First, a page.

Nebraska test. In the Nebraska Two-Million-Mile Gasohol Road Test Program there was little dissatisfaction with car performance. Drivers said they experienced no hard starting or stumbling of the engines. Furthermore, they said, the Gasohol-fueled cars appeared to have better pick-up. No vapor lock was reported, and overall driver satisfaction with car performance was high.

Exhaust Emissions

One of the finest things about burning alcohol in an automobile engine is that the exhaust emissions are generally far cleaner than from regular unleaded or leaded gasolines. Almost all automotive experts agree that Gasohol-powered cars emit less carbon monoxide – some studies say as much as 25 percent less. But, Gasohol may either increase or decrease hydrocarbon emissions and nitrogen oxides emissions, depending on how the engine is calibrated initially. The Nebraska test showed a total reduction of all emissions, but the total amount for Gasohol was only slightly less than that for unleaded gasoline. (See Figure 2-3.)


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Engine Parts and Other Considerations

GM and many others that have experimented with Gasohol have not found that using the new alcohol-gasoline blend causes any material or component failures in automobiles. While GM cautions that more experience with the fuel is needed before its long-range impact on cars and their parts can be determined, the big three automakers are not invalidating their car warranties.

From my experience with alcohol fuels, and from the reports of tests by others, it is safe to conclude that there are a few results that can be expected from using an alcohol blend in a car;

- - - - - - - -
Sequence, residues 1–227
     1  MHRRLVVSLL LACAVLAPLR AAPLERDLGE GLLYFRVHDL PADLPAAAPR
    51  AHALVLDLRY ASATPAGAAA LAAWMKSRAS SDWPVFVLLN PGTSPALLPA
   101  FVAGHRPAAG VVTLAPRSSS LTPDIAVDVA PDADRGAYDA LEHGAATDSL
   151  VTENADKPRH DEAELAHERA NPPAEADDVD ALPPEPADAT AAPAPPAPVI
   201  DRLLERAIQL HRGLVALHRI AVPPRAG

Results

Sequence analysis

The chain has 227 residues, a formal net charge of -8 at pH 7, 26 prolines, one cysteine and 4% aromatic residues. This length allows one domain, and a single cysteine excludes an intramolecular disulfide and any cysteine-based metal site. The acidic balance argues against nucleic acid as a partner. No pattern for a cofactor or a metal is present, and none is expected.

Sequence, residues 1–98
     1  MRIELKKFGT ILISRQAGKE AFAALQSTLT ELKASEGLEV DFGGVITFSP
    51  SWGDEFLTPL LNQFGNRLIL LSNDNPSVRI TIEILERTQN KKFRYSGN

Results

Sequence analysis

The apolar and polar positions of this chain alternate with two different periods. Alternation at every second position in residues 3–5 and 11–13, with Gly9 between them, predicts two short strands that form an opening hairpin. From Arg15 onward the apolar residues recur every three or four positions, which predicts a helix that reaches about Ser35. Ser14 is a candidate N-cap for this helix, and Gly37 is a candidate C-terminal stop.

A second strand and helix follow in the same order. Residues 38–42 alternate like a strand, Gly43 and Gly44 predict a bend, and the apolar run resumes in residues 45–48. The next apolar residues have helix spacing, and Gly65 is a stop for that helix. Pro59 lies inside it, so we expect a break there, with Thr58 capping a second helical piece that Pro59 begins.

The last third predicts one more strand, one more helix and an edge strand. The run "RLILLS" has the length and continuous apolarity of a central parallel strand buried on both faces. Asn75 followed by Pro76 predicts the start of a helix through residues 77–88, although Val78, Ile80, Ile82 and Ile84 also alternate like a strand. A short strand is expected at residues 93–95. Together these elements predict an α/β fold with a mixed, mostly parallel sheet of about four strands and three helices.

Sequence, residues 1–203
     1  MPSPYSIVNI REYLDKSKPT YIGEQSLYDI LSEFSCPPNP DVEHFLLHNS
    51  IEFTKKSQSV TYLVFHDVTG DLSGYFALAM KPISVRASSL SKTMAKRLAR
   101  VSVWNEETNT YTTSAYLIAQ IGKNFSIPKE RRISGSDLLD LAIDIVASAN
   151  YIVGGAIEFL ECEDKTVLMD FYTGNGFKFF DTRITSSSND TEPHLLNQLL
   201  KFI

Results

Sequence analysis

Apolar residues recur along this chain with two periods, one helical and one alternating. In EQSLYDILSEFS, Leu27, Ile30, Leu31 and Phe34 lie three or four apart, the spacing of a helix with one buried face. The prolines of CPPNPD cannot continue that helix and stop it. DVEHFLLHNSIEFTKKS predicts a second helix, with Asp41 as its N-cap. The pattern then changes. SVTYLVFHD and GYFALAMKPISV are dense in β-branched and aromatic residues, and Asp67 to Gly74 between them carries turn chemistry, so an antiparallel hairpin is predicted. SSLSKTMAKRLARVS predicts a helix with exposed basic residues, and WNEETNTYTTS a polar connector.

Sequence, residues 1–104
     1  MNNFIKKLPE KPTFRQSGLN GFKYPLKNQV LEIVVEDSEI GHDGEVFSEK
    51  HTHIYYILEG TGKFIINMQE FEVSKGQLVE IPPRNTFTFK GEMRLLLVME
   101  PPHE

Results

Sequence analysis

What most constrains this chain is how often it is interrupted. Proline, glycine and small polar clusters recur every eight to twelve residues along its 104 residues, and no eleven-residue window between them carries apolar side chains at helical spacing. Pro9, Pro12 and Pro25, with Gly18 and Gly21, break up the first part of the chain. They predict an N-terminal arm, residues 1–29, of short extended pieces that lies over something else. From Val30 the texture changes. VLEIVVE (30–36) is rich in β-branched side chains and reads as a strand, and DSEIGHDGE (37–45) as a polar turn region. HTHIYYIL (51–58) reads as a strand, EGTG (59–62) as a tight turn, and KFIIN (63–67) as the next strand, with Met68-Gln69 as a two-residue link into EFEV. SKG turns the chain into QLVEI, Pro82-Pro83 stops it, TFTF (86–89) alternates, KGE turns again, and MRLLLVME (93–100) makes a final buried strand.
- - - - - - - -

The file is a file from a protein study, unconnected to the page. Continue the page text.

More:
l. Ethyl alcohol or ethanol tends to dissolve gook and sometimes frees rust in fuel lines and in the fuel tank. The fuel system is cleaner after a tankful or two, but the fuel filters often must be either cleaned or replaced.

2. As shown in the Nebraska test, Gasohol is even safer than pure alcohol, which may damage certain parts. Gasohol and unleaded gasoline produced no difference in engine cylinder wear. There were no more carbon deposits or wear to spark plugs, valves or valve seats and no premature failure of any engine parts or fuel-line components.


In Brazil, where there are acres and acres of sugar cane, an ideal agricultural product for making alcohol, there is also a national commitment to develop and manufacture automobiles that operate on nothing else. By 19I32, Brazil expects to produce or modify nearly 1.1 million cars to operate on 100 percent alcohol. Seven hundred test vehicles already operate on pure alcohol and many more are using alcohol blends. Ultimately, Brazil plans to manufacture only cars that operate on pure alcohol.

This is a major international program, involving American, Italian, German, Swedish, and Japanese automakers. Ultimately, the program will help to free the Latin American country from its dependence upon petroleum. It also will be a major boost to Brazil’s agricultural industry.

Brazil is leading the world in the production of alcohol-fueled cars and Americans can operate their own cars with straight alcohol as well. In fact, ethyl alcohol, or ethanol, with a proof of only 160 (80 percent alcohol; 20 percent water) will work in simply modified cars. More and more car enthusiasts and experts are experimenting with ethanol – in cars, tractors and even power boats. To operate a combustion engine on ethanol, a few modifications are necessary.

Engine Modifications

It is possible to operate many cars on the road today with pure ethanol if they are equipped with properly adjusted carburetors, and if they are able to vaporize enough fuel to get the car started at temperatures below 50º F. Also, ethanol is more corrosive than gasoline to some fuel filters, lines and tanks, meaning that these items might have to be replaced or modified. But these problems are far from insurmountable. Carburetors can be modified; durable parts can be substituted for those subject to corrosion.